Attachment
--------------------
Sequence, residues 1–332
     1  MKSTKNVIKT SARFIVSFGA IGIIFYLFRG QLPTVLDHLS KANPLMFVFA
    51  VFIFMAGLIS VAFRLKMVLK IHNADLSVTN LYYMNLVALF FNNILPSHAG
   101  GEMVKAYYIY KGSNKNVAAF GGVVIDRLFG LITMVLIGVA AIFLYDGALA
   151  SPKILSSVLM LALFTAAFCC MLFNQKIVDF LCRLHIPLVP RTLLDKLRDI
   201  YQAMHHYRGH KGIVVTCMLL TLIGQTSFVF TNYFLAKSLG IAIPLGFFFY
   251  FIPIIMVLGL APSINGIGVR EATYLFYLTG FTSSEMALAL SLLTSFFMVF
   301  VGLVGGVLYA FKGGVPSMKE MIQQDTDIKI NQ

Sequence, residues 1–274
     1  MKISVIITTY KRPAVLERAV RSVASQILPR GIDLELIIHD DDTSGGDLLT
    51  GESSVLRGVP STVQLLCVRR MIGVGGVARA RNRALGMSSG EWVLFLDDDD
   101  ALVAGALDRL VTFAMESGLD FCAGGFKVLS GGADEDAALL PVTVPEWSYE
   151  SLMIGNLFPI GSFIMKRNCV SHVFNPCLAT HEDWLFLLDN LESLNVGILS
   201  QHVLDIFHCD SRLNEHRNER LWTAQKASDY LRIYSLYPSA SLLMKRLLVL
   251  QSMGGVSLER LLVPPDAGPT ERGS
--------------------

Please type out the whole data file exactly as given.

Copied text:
Sequence, residues 1–332
     1  MKSTKNVIKT SARFIVSFGA IGIIFYLFRG QLPTVLDHLS KANPLMFVFA
    51  VFIFMAGLIS VAFRLKMVLK IHNADLSVTN LYYMNLVALF FNNILPSHAG
   101  GEMVKAYYIY KGSNKNVAAF GGVVIDRLFG LITMVLIGVA AIFLYDGALA
   151  SPKILSSVLM LALFTAAFCC MLFNQKIVDF LCRLHIPLVP RTLLDKLRDI
   201  YQAMHHYRGH KGIVVTCMLL TLIGQTSFVF TNYFLAKSLG IAIPLGFFFY
   251  FIPIIMVLGL APSINGIGVR EATYLFYLTG FTSSEMALAL SLLTSFFMVF
   301  VGLVGGVLYA FKGGVPSMKE MIQQDTDIKI NQ

Sequence, residues 1–274
     1  MKISVIITTY KRPAVLERAV RSVASQILPR GIDLELIIHD DDTSGGDLLT
    51  GESSVLRGVP STVQLLCVRR MIGVGGVARA RNRALGMSSG EWVLFLDDDD
   101  ALVAGALDRL VTFAMESGLD FCAGGFKVLS GGADEDAALL PVTVPEWSYE
   151  SLMIGNLFPI GSFIMKRNCV SHVFNPCLAT HEDWLFLLDN LESLNVGILS
   201  QHVLDIFHCD SRLNEHRNER LWTAQKASDY LRIYSLYPSA SLLMKRLLVL
   251  QSMGGVSLER LLVPPDAGPT ERGS